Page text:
THE grass beds have been re-instated, the red surface torn up and replaced and on Sunday George Square will once again be open to the public.

Just hours before the perimeter barricades came down, the Evening Times was allowed on to the historic heart of the city to inspect the facelift.

The red surface has been replaced by speckled grey resin, making the area look larger.

Council bosses say the new surface will be hard wearing in icy conditions.

Two new, large grassy areas have been created, replacing the ones which were controversially dug up 15 years ago.

They have been designed so they can be covered up to allow large scale events to be held in the square.

Turf will be relaid around four times a year to ensure the area always looks smart.

The historic statues have also been given a new look as part of the £500,000 first phase of the upgrade of the square.

When the square closed at the end of June, one of the first tasks was to carry out an expert survey of the statues, to find out their condition.

They will be fully restored as part of a £15 million facelift of the area, which will be carried out after next year's Commonwealth Games.

Elsewhere, the benches, where generations of city centre workers have enjoyed their lunch, have been returned.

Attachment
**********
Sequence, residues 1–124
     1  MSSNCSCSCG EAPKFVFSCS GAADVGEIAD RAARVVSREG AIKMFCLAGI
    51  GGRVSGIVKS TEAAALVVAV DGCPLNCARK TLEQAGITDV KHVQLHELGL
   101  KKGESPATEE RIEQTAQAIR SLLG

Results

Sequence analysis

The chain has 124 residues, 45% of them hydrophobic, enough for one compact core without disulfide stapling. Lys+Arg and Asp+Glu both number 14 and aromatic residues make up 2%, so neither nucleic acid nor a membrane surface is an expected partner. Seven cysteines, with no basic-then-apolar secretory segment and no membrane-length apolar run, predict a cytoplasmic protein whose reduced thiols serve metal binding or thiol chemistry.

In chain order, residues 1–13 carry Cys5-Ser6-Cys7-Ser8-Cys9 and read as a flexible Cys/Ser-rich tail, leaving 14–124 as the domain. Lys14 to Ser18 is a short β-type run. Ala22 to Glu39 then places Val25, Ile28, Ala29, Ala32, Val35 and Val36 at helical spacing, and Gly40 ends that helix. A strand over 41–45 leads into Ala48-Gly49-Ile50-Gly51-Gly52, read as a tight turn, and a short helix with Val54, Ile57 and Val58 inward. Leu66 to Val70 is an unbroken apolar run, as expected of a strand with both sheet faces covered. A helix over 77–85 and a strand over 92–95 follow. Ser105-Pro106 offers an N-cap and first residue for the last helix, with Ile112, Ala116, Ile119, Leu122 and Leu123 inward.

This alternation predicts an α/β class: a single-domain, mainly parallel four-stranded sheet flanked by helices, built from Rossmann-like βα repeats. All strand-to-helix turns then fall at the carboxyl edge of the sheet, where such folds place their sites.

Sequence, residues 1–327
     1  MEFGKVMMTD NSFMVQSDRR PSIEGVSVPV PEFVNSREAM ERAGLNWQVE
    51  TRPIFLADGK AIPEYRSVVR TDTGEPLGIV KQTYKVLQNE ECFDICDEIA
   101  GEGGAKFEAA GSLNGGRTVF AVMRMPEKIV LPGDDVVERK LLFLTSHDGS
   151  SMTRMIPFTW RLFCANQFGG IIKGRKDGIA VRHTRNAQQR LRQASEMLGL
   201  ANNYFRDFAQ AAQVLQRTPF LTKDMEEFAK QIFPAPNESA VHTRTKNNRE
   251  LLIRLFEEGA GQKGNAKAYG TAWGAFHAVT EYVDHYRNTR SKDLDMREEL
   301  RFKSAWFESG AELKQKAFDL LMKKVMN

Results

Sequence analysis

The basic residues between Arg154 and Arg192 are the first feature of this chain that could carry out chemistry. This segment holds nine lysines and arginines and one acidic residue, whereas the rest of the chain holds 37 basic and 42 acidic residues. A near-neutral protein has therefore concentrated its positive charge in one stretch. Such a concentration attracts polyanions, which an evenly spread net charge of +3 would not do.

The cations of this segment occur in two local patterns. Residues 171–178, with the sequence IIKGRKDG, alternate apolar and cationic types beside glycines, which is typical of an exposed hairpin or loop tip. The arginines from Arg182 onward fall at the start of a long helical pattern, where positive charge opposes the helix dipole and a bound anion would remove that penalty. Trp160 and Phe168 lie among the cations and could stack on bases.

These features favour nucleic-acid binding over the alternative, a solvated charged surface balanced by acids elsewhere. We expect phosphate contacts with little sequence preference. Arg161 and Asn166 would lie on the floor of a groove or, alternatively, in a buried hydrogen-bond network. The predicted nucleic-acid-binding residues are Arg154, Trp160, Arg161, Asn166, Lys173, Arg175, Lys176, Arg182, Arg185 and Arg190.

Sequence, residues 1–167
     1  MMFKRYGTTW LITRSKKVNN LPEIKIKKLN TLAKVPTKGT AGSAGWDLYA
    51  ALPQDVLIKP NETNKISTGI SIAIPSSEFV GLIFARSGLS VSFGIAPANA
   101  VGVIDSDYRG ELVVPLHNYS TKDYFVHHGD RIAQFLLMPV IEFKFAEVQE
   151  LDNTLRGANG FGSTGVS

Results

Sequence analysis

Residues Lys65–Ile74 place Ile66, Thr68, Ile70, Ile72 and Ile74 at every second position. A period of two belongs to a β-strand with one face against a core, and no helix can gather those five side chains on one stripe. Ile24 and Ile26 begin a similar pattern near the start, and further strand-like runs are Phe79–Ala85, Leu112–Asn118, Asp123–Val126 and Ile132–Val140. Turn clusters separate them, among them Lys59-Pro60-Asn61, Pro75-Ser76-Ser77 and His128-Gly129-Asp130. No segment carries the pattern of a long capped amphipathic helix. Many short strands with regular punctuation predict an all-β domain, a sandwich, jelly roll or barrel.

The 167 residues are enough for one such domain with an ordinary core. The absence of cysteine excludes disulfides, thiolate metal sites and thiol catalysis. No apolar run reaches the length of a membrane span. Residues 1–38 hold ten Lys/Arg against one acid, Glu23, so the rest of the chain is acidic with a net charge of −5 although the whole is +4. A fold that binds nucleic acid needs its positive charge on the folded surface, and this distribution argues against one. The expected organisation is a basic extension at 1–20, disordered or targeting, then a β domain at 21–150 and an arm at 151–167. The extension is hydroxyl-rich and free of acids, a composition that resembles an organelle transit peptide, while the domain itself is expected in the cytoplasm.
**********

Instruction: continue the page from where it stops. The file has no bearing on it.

They have been placed round the edges of the grass beds allowing the number to be doubled.

One of the most dramatic changes to the square is at the Cenotaph, in front of the City Chambers.

It has been cleaned and repointed and 30 lilandii conifers, each more than 20ft tall, have been removed.

In their place are small yew trees, which will be regularly pruned to keep them at a low level.

The weeping ash at either side of the Cenotaph - a traditional plant for graveyards - have been given a haircut and trimmed into shape.

As a result, the Cenotaph now stands out proudly with the massive trees no longer blocking the view of the City Chambers.

Liz Cameron, the council's executive spokesman for jobs and the economy, said: "This makeover will give the city a real boost when the eyes of the world focus on the city during Glasgow 2014.

"The grey surface drastically improves the look of the square and I am confident everyone will be glad to see the back of the red Tarmac.

"We have taken the opportunity to cut back some of the trees around the Cenotaph, as they were in danger of encroaching on to the monument.

"We have now introduced more attractive looking plants to the side and also around the Sir Walter Scott Monument. The two grass beds on the western side of the square have also returned, ensuring a greener square at the very heart of our city.

"By completing phase one in September, we are allowing for suitable commemoration of Remembrance Day and enabling the Christmas events to return to the square this year."

One of the first events to benefit will be Great Scottish Run, on October 6, which will start from near the City Chambers.

The race has attracted around 24,000 entrants.